Musy, an Iraqi friend, is homesick. We don’t really know what to do to cheer him up, we tried wearing fake moustaches, but it only worked temporarily. We think it’s all the killing that’s making him miss Bagdad, but it might have been footage from the Arab league. He’s spending an unhealthy amount of time curled up on the sofa in front of Ash Shaksia, an Iraqi TV station, listening to his native dialect.
‘What are you watching, Musy?’
‘Umm, in Iraq you only get electricity for a maximum of 12 hours a day. All the neighbourhoods have massive generators, that can supply you with electricity when the government electricity’s off, but its expensive, maybe 40$ a month. They are poor people, and the channel is asking them stupid questions. The winner gets 24hr a day electricity for 3 months.’
‘Kinda like who wants to be a millionaire, but for electricity?’
‘Yeah. The private electricity used to be really, crazily expensive, but now the government won’t let them charge more than a certain price and sells them cheap petrol.’
We watch together in silence.
‘You know, Baghdadi is incomprehensible.’
‘Yep. Oh, that is a hard question. Who started wearing wristwatches first, the British, Italians or the French?’
Ash Shaksia broadcasts other programs that are grotesquely distorted by Iraq’s social reality. They take home makeovers a bit more seriously, instead of varnishing the floorboards they knock down small, illegally and dangerously built houses belonging to poor people and replace them with safer, more structurally sound buildings. They don’t do a weight loss show, but they do go round poor neighbourhoods asking how much people weigh. If the contestant knows their weight, within five kilograms either way, they get the same amount of dollars. Instead of ‘I slept with my wife’s brother,’ shows they use DNA testing to try and find people lost in the invasion or under Saddam. Musy says the soaps are really good, but he has shitty taste in movies. We often watch their news broadcasts.
Musy is also a bit of a hero at the moment. Tuesday was the 5 month anniversary of the protest at the private universities. The guy who organised the one at Musies’ has been missing ever since, and on Tuesday the anti students stood in silence to honour him. The 10 percent of students that support the regime apparently started screaming ‘Allah, Syria and Bashar.’ The protesters started chanting ‘freedom’ and the pros shut the doors, phoned the Shabiha and attacked. As 40 percent of the students want change violence wasn’t going to get Assad’s supporters very far and the university security could handle things. Until the Shabiha arrived. According to Musy administration and security both assured the Shabiha they had everything under control, but the Shabiha don’t negotiate. Some pro students let them in, and they indiscriminately lashed out at people with clubs and rifle-butts.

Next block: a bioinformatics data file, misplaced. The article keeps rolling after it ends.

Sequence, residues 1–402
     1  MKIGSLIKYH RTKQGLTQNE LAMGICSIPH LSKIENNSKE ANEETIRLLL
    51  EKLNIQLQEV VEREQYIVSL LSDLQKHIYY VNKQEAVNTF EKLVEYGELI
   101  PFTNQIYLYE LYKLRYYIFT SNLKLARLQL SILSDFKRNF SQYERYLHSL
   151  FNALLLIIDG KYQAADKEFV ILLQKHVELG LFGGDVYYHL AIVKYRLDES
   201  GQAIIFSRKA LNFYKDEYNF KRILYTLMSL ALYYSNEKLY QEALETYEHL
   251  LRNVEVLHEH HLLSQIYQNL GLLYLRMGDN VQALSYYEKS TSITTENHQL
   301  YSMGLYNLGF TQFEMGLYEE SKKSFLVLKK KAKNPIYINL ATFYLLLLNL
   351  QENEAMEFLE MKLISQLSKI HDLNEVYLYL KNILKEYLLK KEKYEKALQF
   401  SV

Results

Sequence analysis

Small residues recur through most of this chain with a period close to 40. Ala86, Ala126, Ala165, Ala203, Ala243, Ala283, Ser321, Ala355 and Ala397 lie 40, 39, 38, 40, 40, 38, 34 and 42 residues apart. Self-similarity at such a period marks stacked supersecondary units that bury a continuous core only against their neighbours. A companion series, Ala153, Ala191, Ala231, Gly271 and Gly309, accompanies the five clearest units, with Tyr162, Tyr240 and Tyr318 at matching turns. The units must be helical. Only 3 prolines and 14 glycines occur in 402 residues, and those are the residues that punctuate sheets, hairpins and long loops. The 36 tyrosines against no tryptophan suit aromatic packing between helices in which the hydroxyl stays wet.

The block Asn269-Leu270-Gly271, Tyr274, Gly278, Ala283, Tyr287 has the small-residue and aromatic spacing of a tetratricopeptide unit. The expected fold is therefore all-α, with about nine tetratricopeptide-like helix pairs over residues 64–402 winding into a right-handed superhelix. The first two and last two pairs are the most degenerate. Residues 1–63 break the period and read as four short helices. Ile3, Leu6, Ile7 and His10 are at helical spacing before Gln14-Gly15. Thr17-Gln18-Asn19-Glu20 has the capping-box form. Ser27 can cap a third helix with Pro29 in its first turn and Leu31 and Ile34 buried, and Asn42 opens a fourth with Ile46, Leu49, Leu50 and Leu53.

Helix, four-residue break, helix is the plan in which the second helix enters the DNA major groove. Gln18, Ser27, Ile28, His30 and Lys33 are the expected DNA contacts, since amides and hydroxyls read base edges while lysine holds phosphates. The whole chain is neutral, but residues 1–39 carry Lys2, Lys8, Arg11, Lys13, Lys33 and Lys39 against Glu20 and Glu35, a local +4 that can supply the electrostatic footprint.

Musy ended up at our house with blood all over his shirt; if it was from a nosebleed then he’s an elephant. His eyes had the glazed look I associate with too much exercise. We fed him tea and beer and he told us what happened. After the Shabiha started ‘smashing’ people as many anti students as possible rushed to the busses that take the students to the university, miles out of town on the Dera highway. Inside the building their was blood everywhere, Musy carried people who’d fainted from the gore and watching people being smashed out to the clinic as well as injured students. Happily the universities impressive facilities include a good clinic, only the most seriously injured protesters needed ambulances. Pro students started directing the violence, telling the Shabiha which of their class mates were anti, and the Shabiha really beat them. ‘How did it end?’ I asked.’
‘The beasts arrested all the antis they could get. They weren’t soldiers, they were animals. They were enjoying it, the smashing. They really hated the anti students. I’m an Iraqi, I’ve seen violence, I’ve seen al-Qaeda, I’ve had to shoot someone, but I’ve never seen anything like that, that much hatred. They weren’t people. They were beasts.’